The mountain of articles, publications and statements on the subject of his diet leaves the athlete, whether he is merely an amateur or a top-level runner, completely confused. It is a fashionable subject which had let to an increase in the myths and false science which are prejudicial to objective information... In this article, which is necessarily limited, we are going to try to deal with this important problem by referring to the most recent scientific work, borne out by experience in the field.
We do not presume to give a “miracle recipe”, but merely to indicate, in the light of objective information, what would appear to be the ideal. There are two points to be made first of all :
1. The physiology of “the man under exertion” is an expanding science. We should be fully aware that it deals with up-to-date knowledge, likely to change to keep in line with progress made in research in this field.
2. The athlete’s diet is an extremely vast subject; it depends on the type of exertion,
its duration, its intensity, and the muscles (or rather the muscular fibres) used. We will restrict ourselves therefore to the long distance runner, i.e. distances over 10 km.
In preparing this article, we looked at a large number of reports, articles and works by leading international specialists who have worked on the evolution and requirements in energy substrates during intense exertion over a long period i.e. exertion lasting longer than 60 minutes at 75 % of maximum capacity. These were by the Scandinavians Astrand, Hermansen, Saltin, etc., the Americans Costill, Gollnick, etc., and experts from the Eastern bloc countries, particularly the German Democratic Republic.
We have noted that there is a definite convergence and it is this synthesis that we pass on to you. Before doing so, we would like to make a comment on the supposed differences of opinion which exist between certain researchers of international reputation. We will give two examples : Astrand remains a staunch supporter of the formula of the Scandinavian dissociated diet (in the second edition of the Handbook of Physiology of Muscular Exercise which has already been published in the United States in 1977, the French translation of which has just been published by Editions Masson) ; he describes at length the whole method and his opinion leaves no room for doubt. We will also give the example of Costill who has introduced, it is true, some variations into the types of diet to which we refer, but whose links with the Scandinavian laboratories are still very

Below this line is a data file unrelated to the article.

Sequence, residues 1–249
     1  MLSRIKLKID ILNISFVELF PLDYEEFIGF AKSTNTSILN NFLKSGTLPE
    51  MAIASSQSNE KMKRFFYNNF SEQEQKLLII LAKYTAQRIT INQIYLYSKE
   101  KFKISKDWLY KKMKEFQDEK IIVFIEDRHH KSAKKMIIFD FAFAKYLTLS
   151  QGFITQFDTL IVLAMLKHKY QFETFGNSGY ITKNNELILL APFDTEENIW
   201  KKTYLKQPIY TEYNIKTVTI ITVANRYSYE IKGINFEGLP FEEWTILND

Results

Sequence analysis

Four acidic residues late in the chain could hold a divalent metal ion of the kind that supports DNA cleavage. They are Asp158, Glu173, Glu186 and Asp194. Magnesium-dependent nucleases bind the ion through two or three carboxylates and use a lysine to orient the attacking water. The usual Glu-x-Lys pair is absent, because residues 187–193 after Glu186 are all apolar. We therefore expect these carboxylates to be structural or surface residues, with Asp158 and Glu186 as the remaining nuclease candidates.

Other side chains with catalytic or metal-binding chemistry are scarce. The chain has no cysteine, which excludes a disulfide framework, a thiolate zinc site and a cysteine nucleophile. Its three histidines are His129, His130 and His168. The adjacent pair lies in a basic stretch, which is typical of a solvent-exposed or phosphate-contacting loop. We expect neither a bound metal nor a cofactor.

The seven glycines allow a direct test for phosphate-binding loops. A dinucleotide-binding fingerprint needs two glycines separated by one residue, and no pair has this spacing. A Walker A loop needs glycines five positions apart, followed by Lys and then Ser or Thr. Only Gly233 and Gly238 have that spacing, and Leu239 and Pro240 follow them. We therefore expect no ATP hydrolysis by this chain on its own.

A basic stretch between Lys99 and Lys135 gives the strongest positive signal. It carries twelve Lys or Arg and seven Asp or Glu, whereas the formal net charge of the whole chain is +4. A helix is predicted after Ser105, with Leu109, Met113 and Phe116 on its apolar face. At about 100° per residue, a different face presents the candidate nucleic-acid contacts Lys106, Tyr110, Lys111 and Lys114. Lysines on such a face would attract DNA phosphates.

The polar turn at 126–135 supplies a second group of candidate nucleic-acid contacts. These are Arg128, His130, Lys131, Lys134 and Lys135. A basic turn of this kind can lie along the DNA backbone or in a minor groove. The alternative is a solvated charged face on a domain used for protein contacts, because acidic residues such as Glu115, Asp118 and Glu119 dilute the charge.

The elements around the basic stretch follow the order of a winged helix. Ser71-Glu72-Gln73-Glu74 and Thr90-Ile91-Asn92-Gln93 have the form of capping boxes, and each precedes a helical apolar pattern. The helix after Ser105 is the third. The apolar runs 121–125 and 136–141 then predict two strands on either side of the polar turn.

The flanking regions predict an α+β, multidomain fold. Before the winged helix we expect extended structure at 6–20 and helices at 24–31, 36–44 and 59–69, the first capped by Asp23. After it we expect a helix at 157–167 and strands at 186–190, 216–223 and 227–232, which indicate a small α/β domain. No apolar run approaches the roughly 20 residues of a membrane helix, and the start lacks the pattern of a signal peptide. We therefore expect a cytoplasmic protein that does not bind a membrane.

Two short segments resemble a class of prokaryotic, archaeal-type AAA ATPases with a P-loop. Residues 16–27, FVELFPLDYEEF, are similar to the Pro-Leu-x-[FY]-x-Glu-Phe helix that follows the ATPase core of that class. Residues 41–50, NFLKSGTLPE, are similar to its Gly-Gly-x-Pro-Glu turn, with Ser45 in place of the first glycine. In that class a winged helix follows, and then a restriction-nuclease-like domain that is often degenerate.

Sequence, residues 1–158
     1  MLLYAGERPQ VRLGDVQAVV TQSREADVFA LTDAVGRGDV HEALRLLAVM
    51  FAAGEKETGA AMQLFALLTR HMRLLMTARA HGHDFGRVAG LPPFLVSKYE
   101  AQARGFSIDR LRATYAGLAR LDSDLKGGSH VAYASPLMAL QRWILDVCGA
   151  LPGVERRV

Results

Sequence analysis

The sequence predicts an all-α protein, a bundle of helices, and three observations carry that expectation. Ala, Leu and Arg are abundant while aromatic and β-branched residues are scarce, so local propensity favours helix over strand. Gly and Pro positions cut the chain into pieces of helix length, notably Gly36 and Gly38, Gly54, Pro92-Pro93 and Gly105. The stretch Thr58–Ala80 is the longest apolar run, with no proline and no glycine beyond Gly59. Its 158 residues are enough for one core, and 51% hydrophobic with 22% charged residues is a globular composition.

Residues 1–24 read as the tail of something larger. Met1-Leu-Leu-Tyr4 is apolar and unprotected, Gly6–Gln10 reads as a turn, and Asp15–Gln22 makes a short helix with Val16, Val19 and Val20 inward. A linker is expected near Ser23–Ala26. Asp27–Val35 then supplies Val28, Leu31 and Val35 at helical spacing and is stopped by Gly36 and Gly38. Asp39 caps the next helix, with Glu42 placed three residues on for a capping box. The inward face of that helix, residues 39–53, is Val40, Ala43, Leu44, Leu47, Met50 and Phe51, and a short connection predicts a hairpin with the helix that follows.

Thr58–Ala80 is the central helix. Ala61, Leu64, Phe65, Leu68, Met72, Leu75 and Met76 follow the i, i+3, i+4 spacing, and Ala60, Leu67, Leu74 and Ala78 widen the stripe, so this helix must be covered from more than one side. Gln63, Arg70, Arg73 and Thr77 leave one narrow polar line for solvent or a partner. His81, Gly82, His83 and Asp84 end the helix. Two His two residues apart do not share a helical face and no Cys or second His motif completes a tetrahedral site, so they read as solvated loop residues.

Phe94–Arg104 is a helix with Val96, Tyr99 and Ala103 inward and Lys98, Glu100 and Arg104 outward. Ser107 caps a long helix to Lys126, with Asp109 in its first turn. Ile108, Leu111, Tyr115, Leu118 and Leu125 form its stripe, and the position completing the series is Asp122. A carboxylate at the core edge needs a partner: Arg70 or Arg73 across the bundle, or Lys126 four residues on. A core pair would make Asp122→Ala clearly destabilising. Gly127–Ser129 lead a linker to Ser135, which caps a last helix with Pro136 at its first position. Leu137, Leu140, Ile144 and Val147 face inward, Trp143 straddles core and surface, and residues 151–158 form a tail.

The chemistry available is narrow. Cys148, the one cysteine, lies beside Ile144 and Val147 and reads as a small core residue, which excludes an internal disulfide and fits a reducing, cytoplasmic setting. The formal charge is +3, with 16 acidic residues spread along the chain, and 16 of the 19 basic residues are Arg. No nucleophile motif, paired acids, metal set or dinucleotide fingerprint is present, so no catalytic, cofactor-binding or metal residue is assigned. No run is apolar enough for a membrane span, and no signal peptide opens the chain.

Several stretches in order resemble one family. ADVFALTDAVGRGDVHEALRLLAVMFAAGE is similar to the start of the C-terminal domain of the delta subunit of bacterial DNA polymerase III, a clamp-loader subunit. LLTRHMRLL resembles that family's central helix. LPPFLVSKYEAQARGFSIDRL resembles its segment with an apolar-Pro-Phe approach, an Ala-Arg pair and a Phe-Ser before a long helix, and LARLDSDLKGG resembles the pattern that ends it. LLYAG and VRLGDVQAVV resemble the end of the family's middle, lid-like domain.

strong. He has just spent a year in Oslo, at Lars Hermansen’s Muscle Physiology Laboratory, where they carried out research together. It is all too frequently forgotten that when we speak of the athlete’s diet it is not a question of having a rigid programme, but of knowing if the main physiological foundations are correct in order to adapt them to each individual.